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Cross-Platform Mobile Logging Macro


2014-12-03

I do a lot of cross-platform C++ development, and an important part of that is finding a good cross-platform C++ logger. For regular Windows, Linux, Mac development - finding a logger isn’t an issue. Doing the same for mobile logging is an entirely different story.

Traditional C++ logging tools

There are a ton of C++ logging tools for traditional development. The Pantheios website does a good job of mentioning a few of them with respect to their performance. Otherwise, the ones I’ve had experience with are: Google Log (Glog), Boost.Log, log4cpp, log4cxx, EasyLogging, and one or two more I’ve written myself just to see whether it was even worth using a 3rd party tool. For anything other than the simplest logging, I recommend using one.

EasyLogging gets points just for having no dependency on external libraries, because those are always just a bit more of a pain to setup in a cross-platform environment. Boost is low on my list for being so damned heavy with the wonderful Boost library associated with it (however, if you’re already using Boost, it’s a better choice). In general, picking a logging framework is always a pro/con situation, and while I want to say it’s a case-by-case basis; I’d rather just say pick one that you’re comfortable setting up for any/all of your projects, has the features you need, you can’t see a noticeable impact from using it, and you’re happy with the syntax.

You can run all the performance tests you want, but the vast majority of apps won’t/shouldn’t see an impact between most of these loggers - also, picking a logger that you know will be supported for a long time is good if it’s not just hobby code.

Mobile C++ logging tools

Mobile is when things get crazy. C++ isn’t the most used mobile programming language (Java/Objective-C lock that down), but it has its applications. For me, this tends to be when there is some performance sensitive code, or a large codebase that I don’t want to be responsible for writing/maintaining in multiple languages.

Note: I know everyone has their own opinion on whether C++ should be used in mobile environments (Android docs basically say to stay away), but anything I write comes from my personal experience and biases - for me, I hate fixing bugs multiple times. Also, one thing I like about C++ in mobile environments is that it’s one of the few times when I really use Test-Driven Development (TDD). I always write unit tests, but there’s something about mobile that makes me TDD.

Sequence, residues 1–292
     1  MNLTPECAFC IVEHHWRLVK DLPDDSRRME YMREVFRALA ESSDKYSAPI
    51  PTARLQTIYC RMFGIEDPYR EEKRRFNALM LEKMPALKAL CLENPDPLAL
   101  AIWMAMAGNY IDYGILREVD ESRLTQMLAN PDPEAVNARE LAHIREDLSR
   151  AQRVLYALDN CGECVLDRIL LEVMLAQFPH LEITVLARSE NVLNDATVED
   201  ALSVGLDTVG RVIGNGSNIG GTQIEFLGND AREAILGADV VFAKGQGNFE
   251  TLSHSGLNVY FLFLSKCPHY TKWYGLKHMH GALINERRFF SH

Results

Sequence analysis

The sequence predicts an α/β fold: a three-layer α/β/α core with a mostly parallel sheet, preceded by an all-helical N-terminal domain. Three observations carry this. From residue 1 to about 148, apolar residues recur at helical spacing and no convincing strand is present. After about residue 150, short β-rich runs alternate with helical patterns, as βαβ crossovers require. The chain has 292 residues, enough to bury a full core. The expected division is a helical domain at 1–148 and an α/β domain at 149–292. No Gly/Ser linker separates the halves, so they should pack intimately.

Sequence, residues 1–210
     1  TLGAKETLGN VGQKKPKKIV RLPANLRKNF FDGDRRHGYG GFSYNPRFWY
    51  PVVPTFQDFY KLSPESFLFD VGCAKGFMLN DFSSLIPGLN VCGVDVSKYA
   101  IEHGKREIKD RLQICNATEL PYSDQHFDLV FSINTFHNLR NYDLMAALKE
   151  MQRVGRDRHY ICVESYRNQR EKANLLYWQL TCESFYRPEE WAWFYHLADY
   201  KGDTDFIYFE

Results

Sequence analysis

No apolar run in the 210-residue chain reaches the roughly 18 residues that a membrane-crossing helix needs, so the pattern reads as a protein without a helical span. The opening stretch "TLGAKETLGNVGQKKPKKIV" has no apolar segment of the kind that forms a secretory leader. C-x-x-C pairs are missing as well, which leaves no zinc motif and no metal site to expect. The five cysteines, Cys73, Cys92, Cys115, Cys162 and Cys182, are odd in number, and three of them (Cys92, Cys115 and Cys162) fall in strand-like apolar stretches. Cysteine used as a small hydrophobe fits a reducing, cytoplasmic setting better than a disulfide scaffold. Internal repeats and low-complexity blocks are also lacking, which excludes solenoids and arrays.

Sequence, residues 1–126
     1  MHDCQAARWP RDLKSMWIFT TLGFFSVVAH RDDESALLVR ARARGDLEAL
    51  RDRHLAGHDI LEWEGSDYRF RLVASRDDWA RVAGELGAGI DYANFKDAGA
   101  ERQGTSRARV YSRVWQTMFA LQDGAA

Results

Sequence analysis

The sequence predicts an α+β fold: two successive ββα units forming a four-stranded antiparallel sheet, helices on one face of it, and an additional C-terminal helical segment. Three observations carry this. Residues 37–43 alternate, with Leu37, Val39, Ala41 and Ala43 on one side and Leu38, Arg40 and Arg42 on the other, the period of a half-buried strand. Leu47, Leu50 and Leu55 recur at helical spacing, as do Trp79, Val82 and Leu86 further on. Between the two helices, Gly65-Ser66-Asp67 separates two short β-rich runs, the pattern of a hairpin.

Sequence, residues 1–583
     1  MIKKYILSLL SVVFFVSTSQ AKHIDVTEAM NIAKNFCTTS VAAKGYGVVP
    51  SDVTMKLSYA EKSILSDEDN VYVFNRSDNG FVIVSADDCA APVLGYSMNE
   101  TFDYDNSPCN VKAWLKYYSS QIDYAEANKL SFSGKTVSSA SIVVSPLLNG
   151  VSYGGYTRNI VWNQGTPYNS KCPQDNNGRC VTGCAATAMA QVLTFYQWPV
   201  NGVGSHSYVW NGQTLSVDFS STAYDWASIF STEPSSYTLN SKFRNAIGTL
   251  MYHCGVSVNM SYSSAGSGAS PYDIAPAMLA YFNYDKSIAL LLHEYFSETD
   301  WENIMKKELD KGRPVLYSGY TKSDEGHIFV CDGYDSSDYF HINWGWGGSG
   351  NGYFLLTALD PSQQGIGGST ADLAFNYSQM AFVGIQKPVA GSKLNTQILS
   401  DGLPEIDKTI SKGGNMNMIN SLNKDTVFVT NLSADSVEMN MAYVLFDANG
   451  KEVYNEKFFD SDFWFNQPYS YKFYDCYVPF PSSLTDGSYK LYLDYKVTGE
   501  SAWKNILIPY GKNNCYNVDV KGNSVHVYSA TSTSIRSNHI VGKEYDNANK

Anyways, when it comes to logging C++ code that is sitting inside of an iOS or Android app, things get a little trickier. You can still use one of the frameworks I mentioned above, but then you run into this odd spot of having a C++ log, and an Android/iOS log. That’s a little messy for me.

I originally thought about doing something along the lines of having an interface that would return a logging string, which would be written straight into the platform log. This could involve a pre-allocated block of memory that would be progressively filled, or a dynamically re-allocated block. I didn’t really like the idea of having a large memory block of logging strings in the first place, and even worse, losing those in case of a crash!

My logging macro 

I had seen that the Android NDK supports logging to the main Android log from NDK code, and I was sure that since Objective-C is based (in theory) on C, there could be something working there. However, above all, I didn’t want to have to write or maintain multiple loggers or litter all my C++ code with ‘if’ checks.

So, what I decided to do was to go for a good ol’ fashion macro hack.

Including this header in your cross-platform, C++ code and using the principle LOG_[LEVEL] commands will allow you to use logging with a traditional C++ app (e.g. MFC), in the Android NDK, or in Objective-C. I also included a debug/release version, where I eliminate all but the error log (so that debug logs don’t accidentally get exposed to prying eyes). For the non-mobile logging, I just pipe to std::clog or std::cerr, but those could be replaced with one of the above logging frameworks.

For good measure, I also added Crashlytics logging to the release version of the iOS code.

#ifndef __X_LOGGING_H__
#define __X_LOGGING_H__

#define LOG_VERBOSE(...)
#define LOG_DEBUG(...)
#define LOG_WARN(...)
#define LOG_ERROR(...)

#ifdef __ANDROID__

#include <android/log.h>

#define LOG_TAG "TAG"
#ifndef NDEBUG // Only expose other log values in debug
    #define LOG_VERBOSE(...) __android_log_print(ANDROID_LOG_VERBOSE, LOG_TAG, __VA_ARGS__)
    #define LOG_DEBUG(...) __android_log_print(ANDROID_LOG_DEBUG, LOG_TAG, __VA_ARGS__)
    #define LOG_WARN(...) __android_log_print(ANDROID_LOG_WARN, LOG_TAG, __VA_ARGS__)
#endif
#define LOG_ERROR(...) __android_log_print(ANDROID_LOG_ERROR, LOG_TAG, __VA_ARGS__)

#elif __APPLE__

#include <CoreFoundation/CoreFoundation.h>

extern "C" {
    void NSLog(CFStringRef format, ...);
    void CLSLog(CFStringRef format, ...);
}

#ifdef DEBUG // Only expose other log values in debug
    #define LOG_VERBOSE(format, ...) NSLog(CFSTR(format), ##__VA_ARGS__)
    #define LOG_DEBUG(format, ...) NSLog(CFSTR(format), ##__VA_ARGS__)
    #define LOG_WARN(format, ...) NSLog(CFSTR(format), ##__VA_ARGS__)
    #define LOG_ERROR(format, ...) NSLog(CFSTR(format), ##__VA_ARGS__)
#else
    #define LOG_ERROR(format, ...) CLSLog(CFSTR(format), ##__VA_ARGS__)
#endif

#else // Non-mobile platform

#include <iostream>

#define LOG_VERBOSE(...) std::clog << __VA_ARGS__ << std::endl;
#define LOG_DEBUG(...) std::clog << __VA_ARGS__ << std::endl;
#define LOG_WARN(...) std::clog << __VA_ARGS__ << std::endl;
#define LOG_ERROR(...) std::cerr << __VA_ARGS__ << std::endl;

#endif

#endif // __X_LOGGING_H__

Feature Photo credit: pestoverde / Foter / CC BY